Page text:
Other additions allow you to build buildings and stock up your cards to allay the randomness of your card draws.

My take? A very enjoyable, and uncommonly for a deck-builder, interactive game.

I daresay with a wider release in 2009 this would have been a Dominion killer. Much more thematic and interactive, the winner take all aspect of the Skirmish leads to very meaningful game theory decisions with each hand you draw.

I rate this game an 8 Certainly worth a look to most of you.




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David desJardins
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Troymk1 wrote:
I daresay with a wider release in 2009 this would have been a Dominion killer. Much more thematic and interactive, the winner take all aspect of the Skirmish leads to very meaningful game theory decisions with each hand you draw.


That's a completely different kind of game than Dominion, so it wouldn't really affect the popularity of Dominion at all.
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Troy Adlington
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DaviddesJ wrote:
Troymk1 wrote:
I daresay with a wider release in 2009 this would have been a Dominion killer. Much more thematic and interactive, the winner take all aspect of the Skirmish leads to very meaningful game theory decisions with each hand you draw.


That's a completely different kind of game than Dominion, so it wouldn't really affect the popularity of Dominion at all.


Really?

Thinning the deck, deck acceleration, buying power, it's all there David. What's missing is the solitaire aspect.
 
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David desJardins
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Troymk1 wrote:
Thinning the deck, deck acceleration, buying power, it's all there David. What's missing is the solitaire aspect.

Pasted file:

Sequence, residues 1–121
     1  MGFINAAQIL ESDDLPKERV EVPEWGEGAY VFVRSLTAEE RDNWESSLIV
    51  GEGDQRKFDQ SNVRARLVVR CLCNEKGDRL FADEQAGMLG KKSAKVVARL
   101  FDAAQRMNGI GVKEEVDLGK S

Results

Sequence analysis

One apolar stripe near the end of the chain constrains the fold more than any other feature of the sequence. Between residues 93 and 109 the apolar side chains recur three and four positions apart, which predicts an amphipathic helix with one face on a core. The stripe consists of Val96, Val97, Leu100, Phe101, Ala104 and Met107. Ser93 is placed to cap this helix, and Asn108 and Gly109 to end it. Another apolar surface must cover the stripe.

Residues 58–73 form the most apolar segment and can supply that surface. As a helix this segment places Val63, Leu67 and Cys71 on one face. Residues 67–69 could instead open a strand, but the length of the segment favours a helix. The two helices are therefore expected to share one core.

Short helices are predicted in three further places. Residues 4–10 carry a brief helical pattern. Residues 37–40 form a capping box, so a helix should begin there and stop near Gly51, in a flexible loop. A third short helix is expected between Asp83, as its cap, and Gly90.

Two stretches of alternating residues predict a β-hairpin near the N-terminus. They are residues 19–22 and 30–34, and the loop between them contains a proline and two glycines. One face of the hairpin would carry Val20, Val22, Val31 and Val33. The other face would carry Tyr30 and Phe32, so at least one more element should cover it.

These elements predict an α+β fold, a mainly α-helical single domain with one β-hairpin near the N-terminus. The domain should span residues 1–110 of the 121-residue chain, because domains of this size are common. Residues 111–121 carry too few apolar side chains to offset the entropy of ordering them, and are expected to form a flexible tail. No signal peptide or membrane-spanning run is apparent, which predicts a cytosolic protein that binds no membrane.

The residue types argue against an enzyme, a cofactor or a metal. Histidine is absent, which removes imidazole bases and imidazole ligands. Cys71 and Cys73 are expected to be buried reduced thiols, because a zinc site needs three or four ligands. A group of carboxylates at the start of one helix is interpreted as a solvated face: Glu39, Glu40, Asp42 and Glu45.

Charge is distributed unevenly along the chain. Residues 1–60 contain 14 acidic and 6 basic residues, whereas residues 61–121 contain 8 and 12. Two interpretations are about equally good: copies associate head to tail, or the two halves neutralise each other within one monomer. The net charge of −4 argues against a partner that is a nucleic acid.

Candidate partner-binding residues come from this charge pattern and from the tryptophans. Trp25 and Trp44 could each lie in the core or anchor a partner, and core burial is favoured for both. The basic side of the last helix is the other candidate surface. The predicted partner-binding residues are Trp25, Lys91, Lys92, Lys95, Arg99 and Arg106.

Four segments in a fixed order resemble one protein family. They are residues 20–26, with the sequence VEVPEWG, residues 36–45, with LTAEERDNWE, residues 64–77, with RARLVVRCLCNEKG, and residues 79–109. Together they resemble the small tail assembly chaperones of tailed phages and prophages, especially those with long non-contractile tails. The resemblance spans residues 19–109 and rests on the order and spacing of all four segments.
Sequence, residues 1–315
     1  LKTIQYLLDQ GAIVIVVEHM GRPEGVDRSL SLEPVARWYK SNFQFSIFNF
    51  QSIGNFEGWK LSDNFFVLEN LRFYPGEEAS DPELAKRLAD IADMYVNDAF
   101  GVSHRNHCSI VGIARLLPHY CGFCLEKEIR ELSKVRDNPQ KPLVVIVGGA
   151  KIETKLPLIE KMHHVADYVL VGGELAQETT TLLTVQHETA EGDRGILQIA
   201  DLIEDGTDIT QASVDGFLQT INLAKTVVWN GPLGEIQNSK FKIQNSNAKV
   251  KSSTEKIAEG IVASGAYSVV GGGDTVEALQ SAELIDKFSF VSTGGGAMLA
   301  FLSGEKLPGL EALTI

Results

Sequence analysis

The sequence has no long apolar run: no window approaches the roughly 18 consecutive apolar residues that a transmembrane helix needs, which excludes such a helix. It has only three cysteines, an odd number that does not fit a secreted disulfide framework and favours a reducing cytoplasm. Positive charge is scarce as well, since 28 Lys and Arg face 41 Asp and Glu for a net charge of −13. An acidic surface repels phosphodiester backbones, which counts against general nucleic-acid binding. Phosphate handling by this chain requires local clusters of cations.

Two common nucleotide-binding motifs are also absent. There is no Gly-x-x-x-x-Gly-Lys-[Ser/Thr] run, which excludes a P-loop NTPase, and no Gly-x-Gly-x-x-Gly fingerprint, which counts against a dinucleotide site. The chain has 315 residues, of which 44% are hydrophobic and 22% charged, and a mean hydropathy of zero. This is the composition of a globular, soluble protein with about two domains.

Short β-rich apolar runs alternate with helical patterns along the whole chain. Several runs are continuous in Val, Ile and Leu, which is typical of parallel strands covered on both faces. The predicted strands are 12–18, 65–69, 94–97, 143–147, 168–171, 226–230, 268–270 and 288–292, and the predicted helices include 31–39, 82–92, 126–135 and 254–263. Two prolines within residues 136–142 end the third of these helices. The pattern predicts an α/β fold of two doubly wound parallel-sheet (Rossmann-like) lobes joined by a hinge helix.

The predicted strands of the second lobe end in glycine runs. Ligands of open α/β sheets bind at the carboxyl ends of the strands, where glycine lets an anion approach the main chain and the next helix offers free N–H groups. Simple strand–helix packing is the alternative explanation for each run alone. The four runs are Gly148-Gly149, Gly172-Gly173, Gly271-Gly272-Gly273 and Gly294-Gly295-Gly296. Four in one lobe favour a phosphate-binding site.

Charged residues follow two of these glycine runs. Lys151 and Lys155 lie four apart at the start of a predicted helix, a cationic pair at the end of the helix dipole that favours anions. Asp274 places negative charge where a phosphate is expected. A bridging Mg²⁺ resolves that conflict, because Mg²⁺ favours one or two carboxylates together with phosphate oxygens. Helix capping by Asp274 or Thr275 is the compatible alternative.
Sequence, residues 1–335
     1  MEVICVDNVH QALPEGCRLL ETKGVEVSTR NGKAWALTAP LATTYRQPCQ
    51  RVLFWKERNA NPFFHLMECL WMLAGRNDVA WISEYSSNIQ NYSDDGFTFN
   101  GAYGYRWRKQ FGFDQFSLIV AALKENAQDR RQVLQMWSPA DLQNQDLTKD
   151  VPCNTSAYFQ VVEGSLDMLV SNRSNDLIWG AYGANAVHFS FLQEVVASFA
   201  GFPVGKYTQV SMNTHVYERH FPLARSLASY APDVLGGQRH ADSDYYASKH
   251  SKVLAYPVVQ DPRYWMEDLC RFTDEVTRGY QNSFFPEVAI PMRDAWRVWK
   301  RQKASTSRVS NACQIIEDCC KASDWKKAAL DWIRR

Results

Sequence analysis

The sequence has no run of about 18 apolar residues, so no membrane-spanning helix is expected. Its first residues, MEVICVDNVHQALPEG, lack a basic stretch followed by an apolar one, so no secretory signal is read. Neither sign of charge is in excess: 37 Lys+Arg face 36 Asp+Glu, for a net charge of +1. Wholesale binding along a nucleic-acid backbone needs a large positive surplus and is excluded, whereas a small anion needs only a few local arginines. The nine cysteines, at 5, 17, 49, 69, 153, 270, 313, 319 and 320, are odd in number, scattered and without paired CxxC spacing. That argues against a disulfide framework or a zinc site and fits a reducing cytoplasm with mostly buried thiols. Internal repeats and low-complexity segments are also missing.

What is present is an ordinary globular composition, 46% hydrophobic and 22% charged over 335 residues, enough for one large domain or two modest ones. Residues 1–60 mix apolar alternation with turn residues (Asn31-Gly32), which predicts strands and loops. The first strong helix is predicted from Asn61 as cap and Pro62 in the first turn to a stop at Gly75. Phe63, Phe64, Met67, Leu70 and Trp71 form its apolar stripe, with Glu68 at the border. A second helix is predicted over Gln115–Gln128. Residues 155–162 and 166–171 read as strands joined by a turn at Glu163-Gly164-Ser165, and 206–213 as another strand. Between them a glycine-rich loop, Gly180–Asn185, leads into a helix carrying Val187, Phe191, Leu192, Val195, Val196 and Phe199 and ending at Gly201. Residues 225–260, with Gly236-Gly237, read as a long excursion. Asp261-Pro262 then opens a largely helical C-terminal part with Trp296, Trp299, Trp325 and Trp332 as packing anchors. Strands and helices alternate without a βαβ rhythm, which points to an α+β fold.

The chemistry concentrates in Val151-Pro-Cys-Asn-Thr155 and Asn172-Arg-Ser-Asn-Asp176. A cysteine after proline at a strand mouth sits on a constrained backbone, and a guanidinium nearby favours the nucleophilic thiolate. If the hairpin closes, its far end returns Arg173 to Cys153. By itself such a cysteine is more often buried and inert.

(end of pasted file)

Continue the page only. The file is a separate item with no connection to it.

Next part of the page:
Those are elements of Dominion, but Dominion is primarily about choosing what to buy, and not so much on "game theory" associated with how you play your hand. So a game that places an emphasis on that is going to have a quite different appeal than Dominion. Some people might play both but you wouldn't expect one to just replace the other.
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Troy Adlington
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DaviddesJ wrote:
Troymk1 wrote:
Thinning the deck, deck acceleration, buying power, it's all there David. What's missing is the solitaire aspect.


Those are elements of Dominion, but Dominion is primarily about choosing what to buy, and not so much on "game theory" associated with how you play your hand. So a game that places an emphasis on that is going to have a quite different appeal than Dominion. Some people might play both but you wouldn't expect one to just replace the other.


Hmmm.

Choosing what to buy is an element of Arctic. But as you say it's certainly not the whole story.

I see the increased options and decision making as quite a positive. If you're saying that for some that may not be the case I will reluctantly agree.

I mean, some people drink Miller Lite against all predictors....



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David Lowry
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Since it was stated if it came out at the same time it wouldn't be replacing Dominion, it would however possibly have been the game that made deck building popular instead of Dominion. Dominion is boring for all intensive purposes. It's ok but not great by any stretch of the imagination. This game could have been the one to take the lead in deck building is all he is saying. I agree with him.